Oh, then there are also the security bugs and the project owner is an arrogant twat. That too.

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Re: how did it get to this?

"init scripts look a bit antiquated to me and they seem unforgiving to beginners"

Init scripts are shell scripts. Shell scripts are as old as Unix. If you think that makes them antiquated then maybe Unix-like systems are not for you. In practice any sub-system generally gets its own scripts installed with the rest of the S/W so if being unforgiving puts beginners off tinkering with them so much the better. If an experienced Unix user really needs to modify one of the system-provided scripts their existing shell knowledge will let them do exactly what's needed. In the extreme, if you need to develop a new init script then you can do so in the same way as you'd develop any other script - edit and test from the command line.

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Re: how did it get to this?

"Init scripts are shell scripts."

While generally true, some sysv init style inits can handle init "scripts" written in any language.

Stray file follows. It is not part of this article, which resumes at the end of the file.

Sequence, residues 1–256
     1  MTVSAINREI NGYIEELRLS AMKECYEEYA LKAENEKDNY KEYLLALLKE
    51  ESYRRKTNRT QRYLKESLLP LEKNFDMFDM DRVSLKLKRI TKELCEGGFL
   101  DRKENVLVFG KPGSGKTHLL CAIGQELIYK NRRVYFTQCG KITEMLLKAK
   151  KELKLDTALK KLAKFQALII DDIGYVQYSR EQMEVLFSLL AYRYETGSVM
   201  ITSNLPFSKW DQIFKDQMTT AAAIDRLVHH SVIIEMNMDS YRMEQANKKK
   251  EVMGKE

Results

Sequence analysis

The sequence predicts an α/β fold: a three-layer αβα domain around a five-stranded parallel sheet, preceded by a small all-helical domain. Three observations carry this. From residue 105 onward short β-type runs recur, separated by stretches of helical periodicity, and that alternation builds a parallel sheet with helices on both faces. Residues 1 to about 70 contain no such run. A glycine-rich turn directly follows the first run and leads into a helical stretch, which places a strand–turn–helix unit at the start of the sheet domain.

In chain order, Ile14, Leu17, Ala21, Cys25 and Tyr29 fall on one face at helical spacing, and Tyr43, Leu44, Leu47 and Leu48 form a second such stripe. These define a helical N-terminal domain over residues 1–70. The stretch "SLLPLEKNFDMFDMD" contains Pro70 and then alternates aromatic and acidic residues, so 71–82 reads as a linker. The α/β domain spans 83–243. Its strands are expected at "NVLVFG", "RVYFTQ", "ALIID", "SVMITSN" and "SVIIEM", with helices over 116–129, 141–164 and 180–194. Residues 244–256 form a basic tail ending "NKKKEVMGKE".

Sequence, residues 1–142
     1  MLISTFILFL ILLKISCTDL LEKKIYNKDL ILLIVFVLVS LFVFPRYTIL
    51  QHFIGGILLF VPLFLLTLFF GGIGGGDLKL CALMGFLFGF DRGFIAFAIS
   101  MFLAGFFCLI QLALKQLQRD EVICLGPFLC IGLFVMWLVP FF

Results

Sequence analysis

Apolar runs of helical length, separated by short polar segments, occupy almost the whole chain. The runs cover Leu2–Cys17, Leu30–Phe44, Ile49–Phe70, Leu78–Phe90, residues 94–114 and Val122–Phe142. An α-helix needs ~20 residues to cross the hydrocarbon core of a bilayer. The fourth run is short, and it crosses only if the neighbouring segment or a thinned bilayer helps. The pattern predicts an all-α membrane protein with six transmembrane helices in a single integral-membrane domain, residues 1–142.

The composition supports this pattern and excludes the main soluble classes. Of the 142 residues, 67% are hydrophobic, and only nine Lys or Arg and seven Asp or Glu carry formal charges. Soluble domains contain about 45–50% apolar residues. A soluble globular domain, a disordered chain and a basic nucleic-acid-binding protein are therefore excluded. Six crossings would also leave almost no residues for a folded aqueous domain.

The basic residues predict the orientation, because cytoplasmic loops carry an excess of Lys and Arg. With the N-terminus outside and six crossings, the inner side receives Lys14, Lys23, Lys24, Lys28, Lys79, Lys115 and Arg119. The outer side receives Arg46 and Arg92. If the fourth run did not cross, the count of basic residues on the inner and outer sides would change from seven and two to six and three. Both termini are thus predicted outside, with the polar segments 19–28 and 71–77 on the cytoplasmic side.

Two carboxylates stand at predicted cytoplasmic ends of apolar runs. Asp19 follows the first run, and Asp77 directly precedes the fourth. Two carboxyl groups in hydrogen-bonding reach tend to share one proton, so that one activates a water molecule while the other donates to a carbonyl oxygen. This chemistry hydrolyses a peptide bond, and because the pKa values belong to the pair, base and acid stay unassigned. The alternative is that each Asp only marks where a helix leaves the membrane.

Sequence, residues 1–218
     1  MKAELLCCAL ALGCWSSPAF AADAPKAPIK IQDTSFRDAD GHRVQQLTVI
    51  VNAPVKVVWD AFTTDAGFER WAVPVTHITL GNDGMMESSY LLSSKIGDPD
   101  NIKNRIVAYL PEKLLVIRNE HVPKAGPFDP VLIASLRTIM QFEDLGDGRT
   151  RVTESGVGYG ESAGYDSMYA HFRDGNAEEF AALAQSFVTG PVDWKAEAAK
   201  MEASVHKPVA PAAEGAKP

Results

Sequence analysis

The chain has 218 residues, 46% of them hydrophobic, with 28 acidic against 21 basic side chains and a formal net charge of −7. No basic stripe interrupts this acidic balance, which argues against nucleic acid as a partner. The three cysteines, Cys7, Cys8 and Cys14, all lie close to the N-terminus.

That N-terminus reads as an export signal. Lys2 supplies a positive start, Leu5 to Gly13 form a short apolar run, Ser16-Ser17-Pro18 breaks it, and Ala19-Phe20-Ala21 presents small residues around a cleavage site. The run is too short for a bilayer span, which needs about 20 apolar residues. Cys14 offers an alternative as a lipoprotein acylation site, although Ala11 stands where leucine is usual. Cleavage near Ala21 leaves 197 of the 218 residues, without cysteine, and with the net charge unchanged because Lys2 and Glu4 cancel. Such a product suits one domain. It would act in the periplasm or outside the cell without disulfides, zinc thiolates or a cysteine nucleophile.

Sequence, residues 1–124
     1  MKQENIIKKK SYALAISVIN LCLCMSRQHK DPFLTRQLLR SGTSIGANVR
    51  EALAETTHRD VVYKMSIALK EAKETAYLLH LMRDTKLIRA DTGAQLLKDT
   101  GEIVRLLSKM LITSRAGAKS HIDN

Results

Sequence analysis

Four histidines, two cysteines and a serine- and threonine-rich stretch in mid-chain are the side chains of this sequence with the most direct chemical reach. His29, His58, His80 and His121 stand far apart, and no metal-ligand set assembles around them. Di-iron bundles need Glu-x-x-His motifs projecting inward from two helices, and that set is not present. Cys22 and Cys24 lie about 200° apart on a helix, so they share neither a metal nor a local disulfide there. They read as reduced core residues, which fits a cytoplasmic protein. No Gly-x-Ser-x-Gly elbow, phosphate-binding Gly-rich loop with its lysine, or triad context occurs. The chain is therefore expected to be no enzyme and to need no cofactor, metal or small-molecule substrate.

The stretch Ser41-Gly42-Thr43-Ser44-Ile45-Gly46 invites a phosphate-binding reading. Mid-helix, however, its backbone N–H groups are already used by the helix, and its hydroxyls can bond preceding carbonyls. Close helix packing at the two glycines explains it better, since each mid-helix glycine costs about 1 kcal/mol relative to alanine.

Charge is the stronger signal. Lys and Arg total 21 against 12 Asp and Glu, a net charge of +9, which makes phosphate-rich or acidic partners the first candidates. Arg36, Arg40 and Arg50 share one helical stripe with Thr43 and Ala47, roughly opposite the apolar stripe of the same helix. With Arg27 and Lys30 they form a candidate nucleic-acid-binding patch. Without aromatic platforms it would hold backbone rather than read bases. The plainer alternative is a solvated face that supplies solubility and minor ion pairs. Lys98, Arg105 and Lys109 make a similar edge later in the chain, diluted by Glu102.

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Re: how did it get to this?

I personally like openrc as an init system, but systemd is a symptom of the tooling problem.

It's for me a retrograde step but again, it's linux, one can, as you and I do, just remove systemd.

There are a lot of people in the industry now who don't seem able to cope with shell scripts nor are minded to research the arguments for or against shell as part of a unix style of system design.

In conclusion, we are outnumbered, but it will eventually collapse under its own weight and a worthy successor shall rise, perhaps called SystemV, might have to shorten that name a bit.

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Re: how did it get to this?

"a worthy successor shall rise, perhaps called SystemV"

Or some French coder might write SystèmE, could take a while to get to SystemV.

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Coat

Re: how did it get to this?

Never seems worth going beyond le Système D to me.

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This post has been deleted by its author

Anonymous Coward

Re: how did it get to this?

" init scripts look a bit antiquated to me and they seem unforgiving to beginners "